NYON – The students taking an executive masters course at UEFA this year could field one of the best school teams ever seen.
After classes this week, Ballon d'Or recipient Kaka was joined on the field by Champions League winners Florent Malouda and Julio Cesar and an array of one-time national team stars. The action was intense and skillful on a chilly, wind-swept field at the European soccer body's headquarters.
Didier Drogba, though not playing, and Andriy Arshavin are also classmates for an 18-month education now in its third edition. The 2011 Champions League final referee, Victor Kassai, is on the team, too.
The course comprises blocks of classes in seven cities — six in Europe and a final March 2021 session in New York — to teach the stellar students about business, management and marketing.
The goal is to educate future presidents, CEOs and technical directors of clubs, businesses and national federations.
"Strong leaders and mentors to other people," said Stiliyan Petrov, who played more than 100 times for Bulgaria, and was also at UEFA to graduate with the previous course.
Known as the Executive Master for International Players (MIP), the course is already helping fast-track careers, and has a strong Brazilian flavor.
Former Brazil midfielders Rai, a 1994 World Cup winner, and Juninho Pernambucano graduated in 2017 from the first MIP and are now sporting directors of Sao Paulo and Lyon, respectively. Eric Abidal has a technical role at Barcelona.
Another 2017 alumna, Bianca Rech, recalls one-time star players being "totally different" personalities as students.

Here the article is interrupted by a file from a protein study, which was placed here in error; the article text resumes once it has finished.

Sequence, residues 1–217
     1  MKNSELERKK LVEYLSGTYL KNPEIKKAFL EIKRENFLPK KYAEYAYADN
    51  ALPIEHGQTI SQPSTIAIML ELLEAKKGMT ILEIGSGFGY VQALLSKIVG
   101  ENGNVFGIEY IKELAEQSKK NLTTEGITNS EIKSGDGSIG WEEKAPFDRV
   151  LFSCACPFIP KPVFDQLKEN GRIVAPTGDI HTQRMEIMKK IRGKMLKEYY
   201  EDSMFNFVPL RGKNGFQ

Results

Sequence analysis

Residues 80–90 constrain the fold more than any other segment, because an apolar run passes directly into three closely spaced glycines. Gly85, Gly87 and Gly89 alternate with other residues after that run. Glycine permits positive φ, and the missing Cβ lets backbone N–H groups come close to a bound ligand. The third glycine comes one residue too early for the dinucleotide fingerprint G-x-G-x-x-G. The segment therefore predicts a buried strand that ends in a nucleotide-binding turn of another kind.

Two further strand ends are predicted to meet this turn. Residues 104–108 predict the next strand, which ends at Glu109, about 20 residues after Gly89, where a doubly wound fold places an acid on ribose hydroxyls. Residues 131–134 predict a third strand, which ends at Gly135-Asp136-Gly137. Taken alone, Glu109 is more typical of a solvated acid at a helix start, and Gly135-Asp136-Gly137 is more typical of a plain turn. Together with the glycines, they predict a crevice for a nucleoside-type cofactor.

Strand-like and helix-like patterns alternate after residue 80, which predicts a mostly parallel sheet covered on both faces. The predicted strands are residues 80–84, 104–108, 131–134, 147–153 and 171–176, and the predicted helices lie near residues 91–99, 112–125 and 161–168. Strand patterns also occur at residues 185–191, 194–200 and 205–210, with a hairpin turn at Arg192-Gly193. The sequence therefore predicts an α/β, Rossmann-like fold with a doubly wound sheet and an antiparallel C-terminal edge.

"You see these amazing players," said Rech, a former Germany defender. "(The ego) is gone when they are coming into the classroom. They are very open to this new role for them."
The course is challenging, designed with help from universities in France and England, plus the global players' union, FIFPro, and the European Club Association. The New York week includes meeting NBA and Major League Baseball executives, and studies labor rights and negotiations.
Starting the course this week, former Liverpool forward Emile Heskey said some students are nervous about taking an academic challenge.
Heskey, who left school at 16, said he did not feel ready when invited to start the first MIP course in 2015.
"I wouldn't say we were a lost generation but we could have done better with our time," Heskey said of his schooldays. "We have still got a long life ahead of us, so why not get involved with a course like this?"
Petrov said soccer players are more intelligent than their stereotyped image: "Yes, I believe so. You have to be smart. In today's football you can get in trouble very quickly. I think you have to develop in the right way."
All point to a sharing, cooperative atmosphere in class, and the start of a network of future industry leaders who can be more progressive.
Rech cites the image of European soccer leadership as often being an "old man business."
"But I think there is a change coming," the 38-year-old Bayern Munich executive said. "This group we are creating now will be so powerful, we really try to change and educate."